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There was a nationwide inventory shortage even before the pandemic hit, and the crisis has only exacerbated the problem. According to®’s June Monthly Housing Trends report, the nation’s housing inventory declined sped up since May, with 17-21 percent fewer listings hitting the market compared to last year.

In June, nationwide inventory was down 27.4 percent YoY—that means 363,000 fewer homes on the market. However, the volume in June for newly listed properties was down only 19.3 percent YoY—an improvement over April’s 44.1 percent decline and May’s 29.4 percent drop. But June also saw weekly declines in new listings, whereas April and May showed weekly improvements.

Regionally? The numbers are better. The nation’s 50 largest metros showed improvement compared to the rest of the country in June:

– Total inventory declined 26.5 percent YoY in June, compared to 27.4 percent nationally.

– New listings decreased 16.2 percent YoY compared to 19.3 percent nationally.

– The typical home spent 53 days on the market, only six days slower than last year, and 19 days faster than the rest of the U.S.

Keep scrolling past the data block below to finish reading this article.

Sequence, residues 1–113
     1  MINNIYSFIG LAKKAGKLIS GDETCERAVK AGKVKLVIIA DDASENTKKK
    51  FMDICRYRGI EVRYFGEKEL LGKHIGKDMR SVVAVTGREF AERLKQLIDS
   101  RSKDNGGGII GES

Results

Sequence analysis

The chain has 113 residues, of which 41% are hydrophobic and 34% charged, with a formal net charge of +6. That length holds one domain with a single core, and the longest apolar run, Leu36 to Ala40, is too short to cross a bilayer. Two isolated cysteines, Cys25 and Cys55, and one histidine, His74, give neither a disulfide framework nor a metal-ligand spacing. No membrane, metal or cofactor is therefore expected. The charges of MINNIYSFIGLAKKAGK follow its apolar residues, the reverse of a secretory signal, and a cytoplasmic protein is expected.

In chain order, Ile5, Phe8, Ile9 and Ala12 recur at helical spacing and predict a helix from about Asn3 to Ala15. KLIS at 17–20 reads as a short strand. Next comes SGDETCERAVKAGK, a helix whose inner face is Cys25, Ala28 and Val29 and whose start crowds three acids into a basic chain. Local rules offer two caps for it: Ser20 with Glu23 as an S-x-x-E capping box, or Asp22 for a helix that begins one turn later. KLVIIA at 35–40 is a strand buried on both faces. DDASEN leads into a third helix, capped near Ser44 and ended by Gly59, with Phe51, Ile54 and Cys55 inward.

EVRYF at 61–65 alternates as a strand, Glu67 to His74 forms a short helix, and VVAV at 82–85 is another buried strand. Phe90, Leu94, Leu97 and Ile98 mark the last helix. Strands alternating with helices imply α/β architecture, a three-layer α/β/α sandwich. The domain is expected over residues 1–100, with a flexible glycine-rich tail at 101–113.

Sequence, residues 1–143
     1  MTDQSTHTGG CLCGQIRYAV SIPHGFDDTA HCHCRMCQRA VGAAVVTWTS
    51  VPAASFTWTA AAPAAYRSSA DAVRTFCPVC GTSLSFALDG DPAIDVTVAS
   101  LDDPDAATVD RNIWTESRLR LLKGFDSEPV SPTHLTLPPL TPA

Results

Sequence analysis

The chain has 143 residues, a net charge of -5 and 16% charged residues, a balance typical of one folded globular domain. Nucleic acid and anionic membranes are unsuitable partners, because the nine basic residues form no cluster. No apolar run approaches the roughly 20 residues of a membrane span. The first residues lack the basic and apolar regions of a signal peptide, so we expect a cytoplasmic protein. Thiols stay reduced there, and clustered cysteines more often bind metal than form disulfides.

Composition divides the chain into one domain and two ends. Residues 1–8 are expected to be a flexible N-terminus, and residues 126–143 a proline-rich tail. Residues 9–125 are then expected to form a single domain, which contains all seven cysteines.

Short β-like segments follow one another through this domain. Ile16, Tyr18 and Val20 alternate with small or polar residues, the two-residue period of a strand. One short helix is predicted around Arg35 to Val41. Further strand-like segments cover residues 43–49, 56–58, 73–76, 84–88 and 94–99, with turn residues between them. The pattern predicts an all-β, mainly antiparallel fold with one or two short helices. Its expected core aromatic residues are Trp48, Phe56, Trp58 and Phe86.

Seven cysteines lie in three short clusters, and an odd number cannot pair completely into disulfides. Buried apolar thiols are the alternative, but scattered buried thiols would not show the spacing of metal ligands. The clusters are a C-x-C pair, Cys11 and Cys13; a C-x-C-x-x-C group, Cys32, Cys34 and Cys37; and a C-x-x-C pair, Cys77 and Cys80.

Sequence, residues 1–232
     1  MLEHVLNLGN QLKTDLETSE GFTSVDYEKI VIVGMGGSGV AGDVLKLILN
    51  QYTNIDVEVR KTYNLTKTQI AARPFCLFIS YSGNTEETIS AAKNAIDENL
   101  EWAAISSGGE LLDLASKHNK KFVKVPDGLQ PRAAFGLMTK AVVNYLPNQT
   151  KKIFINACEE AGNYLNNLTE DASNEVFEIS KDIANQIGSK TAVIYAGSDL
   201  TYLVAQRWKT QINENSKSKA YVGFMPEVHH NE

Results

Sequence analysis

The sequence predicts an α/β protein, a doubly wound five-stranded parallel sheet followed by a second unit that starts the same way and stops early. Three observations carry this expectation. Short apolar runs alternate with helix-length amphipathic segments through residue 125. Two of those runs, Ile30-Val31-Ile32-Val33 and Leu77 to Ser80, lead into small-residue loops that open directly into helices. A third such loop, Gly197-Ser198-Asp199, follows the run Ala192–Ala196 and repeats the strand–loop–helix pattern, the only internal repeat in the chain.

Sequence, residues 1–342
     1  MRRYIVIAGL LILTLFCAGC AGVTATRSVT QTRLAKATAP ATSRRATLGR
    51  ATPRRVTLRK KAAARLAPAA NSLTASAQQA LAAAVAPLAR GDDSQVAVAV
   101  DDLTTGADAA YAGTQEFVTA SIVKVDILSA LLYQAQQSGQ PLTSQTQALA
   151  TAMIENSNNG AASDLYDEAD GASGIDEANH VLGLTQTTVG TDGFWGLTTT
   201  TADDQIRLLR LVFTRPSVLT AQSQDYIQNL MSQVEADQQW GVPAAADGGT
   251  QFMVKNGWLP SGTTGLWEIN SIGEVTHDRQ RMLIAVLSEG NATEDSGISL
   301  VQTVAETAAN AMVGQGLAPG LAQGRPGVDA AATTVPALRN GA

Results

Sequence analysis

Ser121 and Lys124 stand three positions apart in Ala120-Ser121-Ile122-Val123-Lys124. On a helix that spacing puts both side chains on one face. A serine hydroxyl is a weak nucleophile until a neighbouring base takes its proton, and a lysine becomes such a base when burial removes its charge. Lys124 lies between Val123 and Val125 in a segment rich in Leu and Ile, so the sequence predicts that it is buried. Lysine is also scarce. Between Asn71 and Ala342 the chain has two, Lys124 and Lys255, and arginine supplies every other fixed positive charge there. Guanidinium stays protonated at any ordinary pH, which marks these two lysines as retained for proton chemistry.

– Listing prices grew by an average of 5.7 percent YoY, up from the 3.3 percent YoY gain in May and higher than the national growth rate of 5.1 percent.

Several markets saw days on market decrease in June, including Rochester, N.Y. (-4 days); Hartford-West Hartford-East Hartford, Conn (-3 days); and Boston-Cambridge-Newton, Mass.-N.H. (-3 days). Markets with the largest increases in days on market included Pittsburgh (+30 days); New York-Newark-Jersey City, N.Y.-N.J.-Pa. (+21 days); and Miami-Fort Lauderdale-West Palm Beach, Fla. (+21 days).

“Our June data reinforces that buyers are out in force and serious about finding a home. Although the new listings trend has improved, inventory continues to decline, indicating that what is coming onto the market is selling,” said® chief economist Danielle Hale. “The housing market has certainly demonstrated its resilience during the COVID pandemic, but conditions vary market by market. In particular, the nation’s largest metros are seeing a better new listings trend and smaller increase in the time it takes for a home to sell, which could signal they may lead the recovery.”